My great, great grandfather immigrated to this country in 1879 and at some point before 1900 he traveled back to
Austria to bring his father, James Biskupovic,
One of the things James brought with him was a cutting from a fig tree growing in his yard on the Isle of Brac (which is now part of Croatia.)
They lived in
and James planted the
tree in his new yard. Pensacola,
Cuttings were taken from that tree and passed from generation to generation.
My great aunt Shiela became keeper of the family fig and when she and Uncle Nick moved to Gulf Breeze, she brought cuttings from the tree with her.
It thrived there for many years and Aunt Shiela shared with several of our family members.
After Aunt Shiela died, my Uncle Nick gave the tree to my cousin Teresa.
Teresa has taken her role as Keeper of the Family Fig seriously and has potted and shared numerous cuttings with the rest of us.
The tree is getting old now and not looking so good but she’s got lots of cuttings potted so the tree can continue on.
According to Teresa, the tree is looking a little better now than when my Dad took this picture for me.
I am so fascinated with this tree. It’s a Lemon Fig, which isn’t near as sweet or tasty as the Brown Turkey, but the fact that this tree was brought to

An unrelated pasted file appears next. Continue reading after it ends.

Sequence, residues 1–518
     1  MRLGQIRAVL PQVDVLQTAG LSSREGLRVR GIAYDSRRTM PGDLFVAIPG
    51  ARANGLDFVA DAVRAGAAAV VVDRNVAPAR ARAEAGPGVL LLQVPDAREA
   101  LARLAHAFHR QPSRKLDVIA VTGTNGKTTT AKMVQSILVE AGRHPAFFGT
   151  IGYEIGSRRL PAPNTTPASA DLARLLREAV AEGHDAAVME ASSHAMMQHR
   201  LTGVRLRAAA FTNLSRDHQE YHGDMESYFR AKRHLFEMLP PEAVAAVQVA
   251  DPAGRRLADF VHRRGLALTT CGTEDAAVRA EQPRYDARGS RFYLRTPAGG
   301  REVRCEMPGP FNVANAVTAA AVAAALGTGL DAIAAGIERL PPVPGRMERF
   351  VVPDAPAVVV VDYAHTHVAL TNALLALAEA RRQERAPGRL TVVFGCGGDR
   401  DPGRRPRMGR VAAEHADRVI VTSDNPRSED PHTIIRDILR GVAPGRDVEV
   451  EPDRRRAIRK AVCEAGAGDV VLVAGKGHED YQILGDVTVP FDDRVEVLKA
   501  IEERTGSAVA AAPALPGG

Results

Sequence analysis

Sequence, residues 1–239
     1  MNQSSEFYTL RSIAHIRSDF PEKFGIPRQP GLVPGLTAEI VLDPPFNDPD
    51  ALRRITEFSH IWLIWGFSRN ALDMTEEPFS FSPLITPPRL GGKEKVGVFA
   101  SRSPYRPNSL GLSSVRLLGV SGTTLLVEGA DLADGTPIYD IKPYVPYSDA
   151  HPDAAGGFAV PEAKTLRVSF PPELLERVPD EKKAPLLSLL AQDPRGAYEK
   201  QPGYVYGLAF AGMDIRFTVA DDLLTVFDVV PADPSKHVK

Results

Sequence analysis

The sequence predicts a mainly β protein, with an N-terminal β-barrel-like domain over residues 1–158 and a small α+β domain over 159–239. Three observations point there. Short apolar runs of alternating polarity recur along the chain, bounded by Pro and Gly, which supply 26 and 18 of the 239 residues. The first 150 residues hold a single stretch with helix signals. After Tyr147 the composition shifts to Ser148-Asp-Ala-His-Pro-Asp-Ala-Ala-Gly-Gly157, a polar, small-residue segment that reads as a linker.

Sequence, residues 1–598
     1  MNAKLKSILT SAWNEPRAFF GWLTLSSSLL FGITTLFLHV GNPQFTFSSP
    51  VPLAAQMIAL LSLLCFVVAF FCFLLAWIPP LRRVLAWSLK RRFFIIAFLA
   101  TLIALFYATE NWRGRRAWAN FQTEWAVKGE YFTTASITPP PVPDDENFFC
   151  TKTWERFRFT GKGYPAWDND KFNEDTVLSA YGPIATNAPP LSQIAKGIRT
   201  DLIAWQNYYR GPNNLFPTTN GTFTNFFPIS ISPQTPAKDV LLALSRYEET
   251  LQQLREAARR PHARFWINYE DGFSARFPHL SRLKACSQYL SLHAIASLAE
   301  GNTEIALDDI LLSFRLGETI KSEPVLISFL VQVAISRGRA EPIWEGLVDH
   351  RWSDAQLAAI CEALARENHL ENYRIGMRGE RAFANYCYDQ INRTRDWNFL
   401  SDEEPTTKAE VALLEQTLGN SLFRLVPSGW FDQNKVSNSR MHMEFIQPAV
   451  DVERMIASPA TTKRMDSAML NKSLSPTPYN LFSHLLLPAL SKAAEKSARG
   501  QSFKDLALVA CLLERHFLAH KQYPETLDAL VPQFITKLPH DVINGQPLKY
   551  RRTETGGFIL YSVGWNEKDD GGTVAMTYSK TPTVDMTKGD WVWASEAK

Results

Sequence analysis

by my great, great, great grandfather in the late 1800s makes it so special.
To think that the baby fig ready to be planted in my yard
Shares the same DNA as that first tree, brought here as a reminder of home, is incredible.
And interestingly, I have cousins who have figs from our family tree in their yards, which are scattered across the
This is one family heirloom that really is priceless.
An Interesting Side Note:
I did not spell my Aunt’s name wrong. My great grandmother saw the name misspelled on a playbill and liked it. So when Aunt Shiela was born Mum-Mum spelled her name like that. I’ve heard that Aunt Shiela wasn’t so fond of the misspelling.